The Cult of St Clare of Assisi in Early Modern Italy
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Notwithstanding the wealth of material published about St Clare of Assisi (1193-1253) in the context of medieval scholarship, and the wealth of visual material regarding her, there is a dearth of published scholarship concerning her cult in the early modern period. This work examines the representations of St Clare in the Italian visual tradition from the thirteenth century on, but especially between the fifteenth and the mid-seventeenth centuries, in the context of mendicant activity. Through an examination of such diverse visual images as prints, drawings, panels, sculptures, minor arts, and frescoes in relation to sermons of Franciscan preachers, starting in the thirteenth century but focusing primarily on the later tradition of early modernity, the book highlights the cult of women saints and its role in the reform movements of the Osservanza and the Catholic Reformation and in the face of Muslim-Christian encounter of the early modern era. Debby’s analyses of the preaching of the times and iconographic examination of neglected artistic sources makes the book a significant contribution to research in art history, sermon studies, gender studies, and theology.
Nirit Ben-Aryeh Debby is Senior Lecturer in the Arts Department at Ben-Gurion University of the Negev, Israel.
'... an exhaustive study of the cult of St. Clare in Italy from the period surrounding her canonization only two years after her death in 1253 through the late Baroque period and beyond, culminating in the modern world ...The author demonstrates tremendous erudition encompassing a wide-ranging exploration of the visual as well as textual material. The material will be important to historians of hagiography and its cultural contexts as well as to art historians interested in tracing the changing iconography of an important medieval saint into modern times.' Anita Moskowitz, Stony Brook University, USA (Emerita); author of Italian Gothic Sculpture c. 1250-1400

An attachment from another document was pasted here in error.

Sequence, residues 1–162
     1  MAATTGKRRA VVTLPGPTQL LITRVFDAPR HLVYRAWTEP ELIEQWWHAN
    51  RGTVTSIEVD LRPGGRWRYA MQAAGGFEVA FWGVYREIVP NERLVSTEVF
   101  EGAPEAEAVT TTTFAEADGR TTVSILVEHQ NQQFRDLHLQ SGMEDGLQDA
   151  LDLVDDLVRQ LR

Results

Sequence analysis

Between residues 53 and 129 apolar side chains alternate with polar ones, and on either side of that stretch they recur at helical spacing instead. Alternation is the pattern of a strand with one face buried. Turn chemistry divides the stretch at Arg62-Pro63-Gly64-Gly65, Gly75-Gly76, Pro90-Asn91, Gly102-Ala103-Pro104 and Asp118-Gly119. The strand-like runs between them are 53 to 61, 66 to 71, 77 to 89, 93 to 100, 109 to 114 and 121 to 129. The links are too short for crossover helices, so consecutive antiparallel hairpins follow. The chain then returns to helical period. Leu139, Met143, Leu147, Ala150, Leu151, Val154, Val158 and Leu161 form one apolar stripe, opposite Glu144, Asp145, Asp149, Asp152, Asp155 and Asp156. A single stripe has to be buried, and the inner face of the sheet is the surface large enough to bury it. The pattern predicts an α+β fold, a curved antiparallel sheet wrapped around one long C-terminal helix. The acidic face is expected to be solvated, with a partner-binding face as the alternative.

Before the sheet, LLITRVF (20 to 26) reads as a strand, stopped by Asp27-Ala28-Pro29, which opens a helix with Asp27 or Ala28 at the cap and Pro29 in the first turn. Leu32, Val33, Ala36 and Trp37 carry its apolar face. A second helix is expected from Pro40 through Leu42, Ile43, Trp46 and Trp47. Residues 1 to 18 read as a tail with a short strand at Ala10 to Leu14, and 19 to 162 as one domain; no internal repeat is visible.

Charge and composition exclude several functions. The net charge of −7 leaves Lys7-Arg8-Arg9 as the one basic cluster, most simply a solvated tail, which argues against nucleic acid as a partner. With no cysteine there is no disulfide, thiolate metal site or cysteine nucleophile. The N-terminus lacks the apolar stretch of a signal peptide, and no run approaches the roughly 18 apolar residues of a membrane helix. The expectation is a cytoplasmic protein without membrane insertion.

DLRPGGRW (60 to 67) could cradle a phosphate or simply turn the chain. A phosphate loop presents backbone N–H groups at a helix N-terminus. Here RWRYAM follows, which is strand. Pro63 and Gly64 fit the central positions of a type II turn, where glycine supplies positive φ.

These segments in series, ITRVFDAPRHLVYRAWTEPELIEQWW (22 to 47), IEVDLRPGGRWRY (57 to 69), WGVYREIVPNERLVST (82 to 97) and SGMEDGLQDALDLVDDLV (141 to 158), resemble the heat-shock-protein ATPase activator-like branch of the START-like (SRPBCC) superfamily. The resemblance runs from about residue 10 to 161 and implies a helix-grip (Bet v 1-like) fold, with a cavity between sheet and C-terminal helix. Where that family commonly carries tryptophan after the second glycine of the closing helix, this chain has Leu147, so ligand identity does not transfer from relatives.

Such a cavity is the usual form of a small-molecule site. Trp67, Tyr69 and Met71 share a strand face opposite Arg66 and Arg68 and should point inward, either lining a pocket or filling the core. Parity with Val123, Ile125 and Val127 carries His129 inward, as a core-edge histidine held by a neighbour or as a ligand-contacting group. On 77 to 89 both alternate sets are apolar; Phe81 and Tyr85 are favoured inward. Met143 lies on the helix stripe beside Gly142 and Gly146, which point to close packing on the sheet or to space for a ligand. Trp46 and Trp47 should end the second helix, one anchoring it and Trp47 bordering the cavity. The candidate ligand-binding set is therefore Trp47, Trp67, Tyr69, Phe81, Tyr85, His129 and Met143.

'... will be very useful for historians of hagiography and saints' cults, especially in the early modern period. For art historians, too, the book will be interesting when tracing changes in iconographical representations of saints over time. I hope that more studies of the visual traditions in other countries will follow where Debby has pioneered ... The ten pages of colour plates and the 51 black and white images are not only beautiful, they genuinely support the arguments made within the volume.' The History of Women Religious of Britain and Ireland
'The Cult of St Clare of Assisi in Early Modern Italy is the first full-length treatment of Italian visual traditions associated with St. Clare, and is a significant contribution to scholarship on the visual culture of early modern religiosity and to the fields of gender studies and sermon studies.' CAA Reviews
'[This] carefully produced and generously illustrated book is at least the third monograph study by Nirit Ben-Aryeh Debby ... [who] exploits her expertise both as an art historian and a specialist in sermon studies, to shed a different light on the dynamic world of mendicant preaching, urban religious life and forms of cultural expression in the Renaissance period.' Archivum Franciscanum Historicum